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HomeBasketball3-point shooting send Duke men's basketball to win against Virginia Tech

3-point shooting send Duke men’s basketball to win against Virginia Tech

In a game played in Blacksburg, Virginia, the Blue Devils upset Virginia Tech with one of their most comprehensive efforts of the year. The Player of the Game and more will be broken down by Goalsvibe here:

Phenom: Ryan Young

This season, graduate center Ryan Young has truly found his place for Duke, emerging as a competitive alternative to fellow big man Kyle Filipowski. In just 15 minutes against Virginia Tech, Young scored 10 points on 5 of 6 shots and pulled down five rebounds. He played a crucial role in the Blue Devils’ triumph by assisting the group in fending off any Hokies counterattacks and scoring crucial points when needed to keep the lead.

The majority of Young’s playing time came in the second half, when Filipowski started picking up fouls. It is definitely not ideal to have Filipowski out for the majority of the second half given how crucial he is to this Duke team. But Young filled the vacuum brilliantly, demonstrating his seasoned leadership and providing a focal point for his younger colleagues to unite around. Overall, his presence kept the group cohesive. It could have been much harder to emerge victorious from Blacksburg, Virginia, without the stability he offered.

Wow Word: TRIPLES!

In other words, this game was won by the Blue Devils behind the arc. Duke shot 52.9% from beyond the arc overall, led by senior guard Jeremy Roach’s four deep baskets on five tries. Apart from the points that were scored from outside the arc, the Virginia Tech defense was compelled to close out on the perimeter by the mere possibility of a three-point shot. This increased the Blue Devils’ offensive variety and created more space around the basket. As the game progressed, they made the most of this reality, which ultimately kept the deficit from closing.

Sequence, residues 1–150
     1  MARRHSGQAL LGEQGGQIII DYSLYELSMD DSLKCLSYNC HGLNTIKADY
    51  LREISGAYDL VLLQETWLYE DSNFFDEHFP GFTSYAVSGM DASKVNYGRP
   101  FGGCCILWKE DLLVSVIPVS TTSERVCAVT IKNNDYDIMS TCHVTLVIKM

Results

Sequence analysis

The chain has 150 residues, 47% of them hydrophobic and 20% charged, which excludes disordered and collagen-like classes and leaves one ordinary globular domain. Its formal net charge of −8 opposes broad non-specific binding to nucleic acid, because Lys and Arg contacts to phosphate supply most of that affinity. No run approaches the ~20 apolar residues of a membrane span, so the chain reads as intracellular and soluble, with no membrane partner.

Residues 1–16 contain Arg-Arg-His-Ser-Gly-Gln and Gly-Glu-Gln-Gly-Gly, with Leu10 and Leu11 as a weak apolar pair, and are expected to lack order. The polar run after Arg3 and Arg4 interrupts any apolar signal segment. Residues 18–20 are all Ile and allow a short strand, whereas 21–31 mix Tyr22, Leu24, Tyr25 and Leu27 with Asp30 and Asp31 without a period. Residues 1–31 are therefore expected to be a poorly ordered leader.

In contrast, the Hokies shot a pitiful 27.3% from three, so it’s perhaps not surprising that Duke was able to get away.


The Blue Devils’ comparatively poor performance on the boards has been one of their most enduring issues this season. In each of the team’s four losses this season, the rebounding battle has been lost, frequently by a significant margin. But in this victory, Duke outrebound Virginia Tech by 38 boards to 20—ten of which came from the offensive glass. One of the game’s crucial elements was the +18 rebound difference, which was led by rookie player Jared McCain and his 10 rebounds. By keeping control of the boards on both sides of the court, the Blue Devils were able to extend their own possessions and score quickly after a stop.

On the defensive end, the dominance on the glass was particularly noticeable. To keep the Hokies at bay on a night when Duke was able to string together multiple clinical defensive possessions at once, one had to be very active on the boards. For an extended period, the Blue Devils have been beset by their incapacity to take advantage of their opponents’ missed shoots, frequently forcing them to settle for an offensive rebound. On Monday, though, such was not the case, which contributed to Duke’s eventual victory.

Yachiga Tavershima
Yachiga Tavershima
Soccer Blogger with a keen eye for detailed reportage. I bring the latest drama in the most dramatic way


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